Interview with Mr. Laurentio Shin, ASC
Seoul, Korea, 16 December 2018 -- Laurentio Shin, ASC, is a committed member of the formation school for aspirants to the Salesian Cooperators and is accompanying a new ASC centre attached to the ‘Nazareth Dream House’ – group home for young refugees from the North who are living in Seoul.
What is the story of your Salesian Cooperator vocation?
While working since 2002 at Don Bosco Media and involved in the Salesian Bulletin and Don Bosco-related publications, I was attracted by the Saint himself - Don Bosco! Then naturally I came to know the Salesian Cooperators and was interested. In the spring of 2008, while interviewing two young Salesian Cooperators, I was so touched by their vocation story that I decided to become a Salesian Cooperator myself. Six months later I started as an aspirant, doing my formation in the Seoul – Daerimdong Salesian Cooperators Centre (Holy Family team) and after 3 years of initial formation I made my promise as a Salesian Cooperator on 27 November 2011.
How was your work on the ASC renewed formation handbook?
Since the early days of my ASC formation in Daerimdong centre when we were reading the old (1998) version of the formation textbook, I started to think about a new version. The reason for this enterprise was simple – the text was not easy to read, there were only a few parts about Don Bosco and the outdated version of the PAL had been used. Already before my promise I started to collect some suitable stories for the eventual upgrade of the formation textbook.
The ASC provincial council (May 2016) also felt a growing need for a new edition, and together with a few concrete points the task was shared out. While one member of the provincial council was asked to see to corrections of the PAL new edition, Laurentio Shin Tae Hong was entrusted with the whole modification and layout.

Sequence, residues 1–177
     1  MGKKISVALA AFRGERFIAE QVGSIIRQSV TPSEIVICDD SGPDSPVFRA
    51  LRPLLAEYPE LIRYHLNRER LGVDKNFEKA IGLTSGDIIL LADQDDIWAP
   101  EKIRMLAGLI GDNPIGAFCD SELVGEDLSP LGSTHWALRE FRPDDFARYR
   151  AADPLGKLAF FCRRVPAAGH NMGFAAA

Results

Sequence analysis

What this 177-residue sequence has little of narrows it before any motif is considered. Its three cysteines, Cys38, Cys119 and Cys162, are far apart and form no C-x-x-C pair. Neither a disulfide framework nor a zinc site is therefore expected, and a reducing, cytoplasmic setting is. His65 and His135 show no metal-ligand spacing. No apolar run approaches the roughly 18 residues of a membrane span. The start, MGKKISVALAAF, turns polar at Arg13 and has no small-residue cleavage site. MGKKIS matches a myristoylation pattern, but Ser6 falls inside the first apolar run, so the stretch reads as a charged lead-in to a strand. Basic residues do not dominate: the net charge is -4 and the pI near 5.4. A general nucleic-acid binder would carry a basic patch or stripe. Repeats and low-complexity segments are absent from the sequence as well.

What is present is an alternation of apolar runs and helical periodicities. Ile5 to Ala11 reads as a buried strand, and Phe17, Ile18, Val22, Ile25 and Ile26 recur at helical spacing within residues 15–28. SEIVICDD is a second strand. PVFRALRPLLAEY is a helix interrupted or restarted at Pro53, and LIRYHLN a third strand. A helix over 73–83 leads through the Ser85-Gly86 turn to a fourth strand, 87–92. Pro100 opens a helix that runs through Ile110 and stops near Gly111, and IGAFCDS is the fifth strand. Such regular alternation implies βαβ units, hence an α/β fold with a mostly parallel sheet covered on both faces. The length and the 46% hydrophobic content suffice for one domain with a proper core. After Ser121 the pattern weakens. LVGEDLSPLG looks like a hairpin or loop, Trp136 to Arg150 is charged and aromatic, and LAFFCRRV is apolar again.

Between June 2016 and March 2017 the whole project was completed and approved by Fr Stefano Yang, SDB – provincial of Korea, with the following updates: many Don Bosco stories were adapted from the ‘Salesian Bulletin’, new version of the PAL (2013), new translation of the Scriptures and Vatican II documents were used and also the overall layout operation. Then the complete ‘formation textbook’ in 3 volumes with 29 units was published, almost 20 years after the first formation book edition in 1998.
What keeps you going in your vocation journey as a Salesian Cooperator?
In the spiritual and apostolic Salesian Family we are all trying to follow Don Bosco in communion with other groups, unlike other devotional groups or other third orders. But I feel that among the Cooperators, solid knowledge of their identity and deep conviction is not really so strong. Even the SDBs and FMA religious at times are not truly knowledgeable about the Salesian Cooperators Association.
Since we strongly believe that only a solid formation in ‘Don Bosco – Salesian Spirit – Project of Apostolic Life’ could strengthen awareness of our identity, we consider the whole formation process to be very important. When I was working in DB Media, I read many books assiduously and personally made a great effort while working on the various books we published.